Mercer County Elections Director Thad Hall was used to having such a playbook when he worked as an elections director in Arizona. The secretary of state there developed — with the help of county election officials — a 500-page manual outlining everything from security at ballot drop boxes to the procedures around notifying voters that a ballot was rejected.
But when Hall took over the Mercer County elections department from Jeff Greenburg, who took a job at the National Vote at Home Institute three months before Election Day, no such manual existed.
Last-minute guidance from Boockvar’s office also had county election officials taking inconsistent approaches to how voters could “cure,” or fix, technical mistakes such as a missing signature, on ballots. Some allowed voters to correct their ballots before the election or vote provisionally, while others simply rejected the ballots.
The changing guidance, the pandemic, and misinformation on social media exacerbated an already challenging situation, election officials said. The increased demand for mail ballots in the primary, and later the general election, led to a spike in calls from voters on everything from assistance with the process, to checking on the status of their ballots.
To meet the deluge, election officials had to rely on help from county employees in other departments or temporary workers, who did not know enough about elections to answer most voters’ questions, they said.
Frustration about the process from voters often landed on election officials, they said, whether they were the source of the problem or not.
Several election directors said many voters forgot they had checked a box on the mail-ballot application for the primary that opted them in to automatically receive a mail ballot for the general election, as well.
Some of those voters contacted election offices furious that they had been sent a ballot they wrongly believed they hadn’t asked for.
“I wasted the better part of five hours one day after the election sitting at the warehouse going through boxes trying to find applications for certain voters, because they would not believe me,” said Dauphin County Elections Director Jerry Feaser. “They called me a liar.”
The problem was exacerbated when third-party pro-voter groups sent unsolicited mail ballot applications to voters, some of whom had already returned their ballots or were planning to vote in person. Hall, in Mercer County, said voters thought the applications were coming from the county or Harrisburg.
“They designed it intentionally to make it look like [it was from us], and then we look like idiots,” Hall said.
Outside groups also appeared to be using old, inaccurate voter data, which created even more suspicion. In Lycoming County, a voter called the election office to complain that a ballot application had come in the mail for a spouse who had died 10 years ago, Lehman said.
The return address was the county’s election office.
“Boy, does that get people stirred up,” he said. “And counties have to answer for all of this.”
The Statewide Uniform Registry of Electors, which keeps a record of every registered voter, notified voters their ballot was on the way before the ballots were printed, Hall said. That led to a lot of calls from voters asking why they hadn’t received their ballots.
Benyo, from Lehigh County, said the SURE system — which was launched in the early 2000s — would intermittently crash, and election workers were prevented from doing any work with it for an hour or two. He said county election officials have been told a replacement voter system is coming sometime next year.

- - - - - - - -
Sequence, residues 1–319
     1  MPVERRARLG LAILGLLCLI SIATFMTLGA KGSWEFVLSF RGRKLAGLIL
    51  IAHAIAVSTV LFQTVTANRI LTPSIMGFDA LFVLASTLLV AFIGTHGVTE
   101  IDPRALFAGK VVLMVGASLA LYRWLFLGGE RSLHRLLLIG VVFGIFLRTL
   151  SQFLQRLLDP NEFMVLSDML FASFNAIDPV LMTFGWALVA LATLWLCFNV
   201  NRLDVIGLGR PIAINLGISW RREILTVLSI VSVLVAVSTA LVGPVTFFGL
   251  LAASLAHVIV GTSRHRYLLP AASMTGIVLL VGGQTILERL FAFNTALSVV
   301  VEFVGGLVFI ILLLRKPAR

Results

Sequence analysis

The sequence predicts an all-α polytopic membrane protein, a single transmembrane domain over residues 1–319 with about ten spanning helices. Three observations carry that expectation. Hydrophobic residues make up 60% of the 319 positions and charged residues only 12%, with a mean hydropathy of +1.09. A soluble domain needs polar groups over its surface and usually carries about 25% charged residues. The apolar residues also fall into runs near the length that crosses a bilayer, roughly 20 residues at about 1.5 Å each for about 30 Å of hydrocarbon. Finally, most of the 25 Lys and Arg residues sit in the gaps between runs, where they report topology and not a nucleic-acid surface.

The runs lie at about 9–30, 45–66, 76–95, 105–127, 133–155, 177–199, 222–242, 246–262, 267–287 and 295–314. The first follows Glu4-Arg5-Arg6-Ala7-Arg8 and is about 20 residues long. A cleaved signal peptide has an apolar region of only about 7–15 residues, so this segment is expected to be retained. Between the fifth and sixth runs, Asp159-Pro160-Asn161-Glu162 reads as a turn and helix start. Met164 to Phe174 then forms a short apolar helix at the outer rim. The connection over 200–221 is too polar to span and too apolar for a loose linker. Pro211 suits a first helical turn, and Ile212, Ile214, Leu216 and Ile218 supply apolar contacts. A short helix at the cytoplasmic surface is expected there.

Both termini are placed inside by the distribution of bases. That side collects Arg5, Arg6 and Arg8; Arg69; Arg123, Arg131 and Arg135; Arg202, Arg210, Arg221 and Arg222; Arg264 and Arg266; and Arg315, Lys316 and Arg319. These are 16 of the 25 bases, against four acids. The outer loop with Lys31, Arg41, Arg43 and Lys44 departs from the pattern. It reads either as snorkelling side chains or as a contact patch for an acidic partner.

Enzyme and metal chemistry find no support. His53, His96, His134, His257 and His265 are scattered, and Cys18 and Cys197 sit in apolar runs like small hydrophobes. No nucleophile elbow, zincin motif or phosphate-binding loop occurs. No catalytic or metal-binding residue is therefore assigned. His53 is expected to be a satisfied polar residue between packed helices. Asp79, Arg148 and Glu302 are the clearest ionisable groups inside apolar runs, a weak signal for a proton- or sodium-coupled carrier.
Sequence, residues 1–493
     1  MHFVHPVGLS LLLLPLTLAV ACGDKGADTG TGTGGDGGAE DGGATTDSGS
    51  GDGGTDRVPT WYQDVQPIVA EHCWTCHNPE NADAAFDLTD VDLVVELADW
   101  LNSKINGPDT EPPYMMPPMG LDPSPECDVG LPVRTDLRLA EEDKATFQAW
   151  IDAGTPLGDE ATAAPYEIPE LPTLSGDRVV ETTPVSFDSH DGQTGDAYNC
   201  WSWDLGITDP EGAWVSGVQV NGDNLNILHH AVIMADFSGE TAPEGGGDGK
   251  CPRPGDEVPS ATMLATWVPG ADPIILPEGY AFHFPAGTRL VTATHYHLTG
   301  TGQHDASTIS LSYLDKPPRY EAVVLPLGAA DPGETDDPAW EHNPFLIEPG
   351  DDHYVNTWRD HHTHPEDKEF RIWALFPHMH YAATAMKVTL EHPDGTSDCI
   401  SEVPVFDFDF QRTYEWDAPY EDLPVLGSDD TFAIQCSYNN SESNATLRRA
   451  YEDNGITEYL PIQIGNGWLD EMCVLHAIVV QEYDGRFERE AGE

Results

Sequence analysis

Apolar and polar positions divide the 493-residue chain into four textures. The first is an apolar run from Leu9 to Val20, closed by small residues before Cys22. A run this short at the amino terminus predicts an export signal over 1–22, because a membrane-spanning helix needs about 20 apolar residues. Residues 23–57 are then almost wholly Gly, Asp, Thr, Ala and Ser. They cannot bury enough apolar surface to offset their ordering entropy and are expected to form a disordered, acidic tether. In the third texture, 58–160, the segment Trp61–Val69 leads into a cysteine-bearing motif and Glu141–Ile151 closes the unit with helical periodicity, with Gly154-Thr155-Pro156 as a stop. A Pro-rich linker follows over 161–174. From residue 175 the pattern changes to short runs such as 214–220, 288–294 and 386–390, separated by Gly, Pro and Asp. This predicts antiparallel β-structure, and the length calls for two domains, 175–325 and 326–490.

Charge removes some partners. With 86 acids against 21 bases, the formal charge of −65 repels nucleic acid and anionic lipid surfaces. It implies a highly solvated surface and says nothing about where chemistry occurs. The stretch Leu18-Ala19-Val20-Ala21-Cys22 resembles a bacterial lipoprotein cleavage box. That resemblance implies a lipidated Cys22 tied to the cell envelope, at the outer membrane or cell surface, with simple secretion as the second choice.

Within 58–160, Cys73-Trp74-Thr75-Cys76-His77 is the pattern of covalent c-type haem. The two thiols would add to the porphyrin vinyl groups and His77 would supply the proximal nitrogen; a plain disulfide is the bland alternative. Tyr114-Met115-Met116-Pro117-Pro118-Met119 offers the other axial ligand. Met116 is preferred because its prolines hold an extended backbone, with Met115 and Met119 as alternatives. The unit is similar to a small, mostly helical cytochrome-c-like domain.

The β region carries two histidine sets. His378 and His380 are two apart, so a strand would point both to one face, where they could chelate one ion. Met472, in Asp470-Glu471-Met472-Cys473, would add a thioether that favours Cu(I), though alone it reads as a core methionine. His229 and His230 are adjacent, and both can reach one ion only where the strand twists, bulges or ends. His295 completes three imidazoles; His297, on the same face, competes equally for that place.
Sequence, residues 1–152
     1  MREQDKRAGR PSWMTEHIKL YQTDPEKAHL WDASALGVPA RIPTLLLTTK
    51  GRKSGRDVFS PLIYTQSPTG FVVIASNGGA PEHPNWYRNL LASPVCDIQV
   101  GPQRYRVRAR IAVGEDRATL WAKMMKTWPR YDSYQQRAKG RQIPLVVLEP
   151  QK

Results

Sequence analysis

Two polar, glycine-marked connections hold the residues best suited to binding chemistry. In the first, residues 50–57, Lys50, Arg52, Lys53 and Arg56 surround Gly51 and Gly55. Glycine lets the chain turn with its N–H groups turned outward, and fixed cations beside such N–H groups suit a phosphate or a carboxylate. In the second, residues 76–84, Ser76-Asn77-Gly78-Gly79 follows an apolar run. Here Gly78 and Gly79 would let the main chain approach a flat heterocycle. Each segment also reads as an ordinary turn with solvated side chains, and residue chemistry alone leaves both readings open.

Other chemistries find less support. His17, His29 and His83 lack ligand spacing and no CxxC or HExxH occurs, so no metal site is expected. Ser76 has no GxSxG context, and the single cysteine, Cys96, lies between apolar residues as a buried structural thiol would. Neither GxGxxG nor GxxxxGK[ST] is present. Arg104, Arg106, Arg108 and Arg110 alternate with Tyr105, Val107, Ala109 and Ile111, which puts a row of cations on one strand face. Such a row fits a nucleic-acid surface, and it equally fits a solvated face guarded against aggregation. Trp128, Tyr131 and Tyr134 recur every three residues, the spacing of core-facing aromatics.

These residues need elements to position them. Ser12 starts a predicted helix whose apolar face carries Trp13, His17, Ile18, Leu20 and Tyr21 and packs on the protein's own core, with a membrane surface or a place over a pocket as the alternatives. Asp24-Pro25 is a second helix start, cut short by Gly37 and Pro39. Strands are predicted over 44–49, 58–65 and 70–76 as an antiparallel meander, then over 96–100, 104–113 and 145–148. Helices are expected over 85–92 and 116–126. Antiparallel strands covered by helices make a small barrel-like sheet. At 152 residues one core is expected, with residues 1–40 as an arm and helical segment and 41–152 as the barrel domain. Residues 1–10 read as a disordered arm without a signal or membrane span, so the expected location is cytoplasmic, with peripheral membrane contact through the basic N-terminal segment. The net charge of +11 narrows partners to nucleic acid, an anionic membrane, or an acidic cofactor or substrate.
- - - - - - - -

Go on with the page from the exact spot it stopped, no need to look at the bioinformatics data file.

When voters called in to say they never got their ballot in the mail or confirmation their completed ballot reached the county, election officials took the heat, despite having no control over the performance of the mail
Feaser, in Dauphin County, said ballots sent to or from the north part of the county typically took at least five days to get to his office in Harrisburg, longer than most voters anticipated.
Lehman said mail from his office could take 10 days to reach the intended destination, all in the same county. And when the county sent a large batch of mail ballots, applications, or voter registration cards, some came back undeliverable, “when we know for a fact they’re a good address. It happens all the time.”
Reports of major delays in mail service proliferated during the summer, at least in part due to Trump administration cutbacks at the U.S. Postal Service.
In early December, May-Silfee in Monroe County said she received a mail ballot with a Sept. 25 postmark. She said her office received calls from voters saying they never got their ballot in the mail. “I can’t answer for the mail system,” May-Silfee said.
Election officials haven’t had much time to recover from the general election. They’re already prepping for municipal primaries in May.
Benyo’s staff is working from home for the first time this year — they had to be in the Lehigh County elections office during the first COVID-19 outbreak earlier this year, but with the bulk of the work surrounding the November election finished, the elections staff began working remotely Dec. 14 as the second wave hit Lehigh County.
Still, some work remains. Benyo has to manually go through containers of ballots by Jan. 22 to find 2,100 that were randomly assigned for the state’s pilot of a risk-limiting audit, which uses a statistical formula to manually recount a random sample of cast ballots in order to confirm the outcome of an election.
He also has to mail 65,000 mail ballot applications to voters by the first Monday in February. After that, the office will start accepting candidate filings for the 2021 municipal primaries, and the election cycle starts over.
Elections Director Renee Smithkors said her small staff in Bradford County hasn’t gotten much of a break since the November election came to a close. After what she called a “very overwhelming” year trying to implement new voting changes while battling calls about misinformation, she’s trying to put the election behind her while preparing for the next one.
“We’re ready for the next year,” she said. “We’re ready for 2020 to be over.”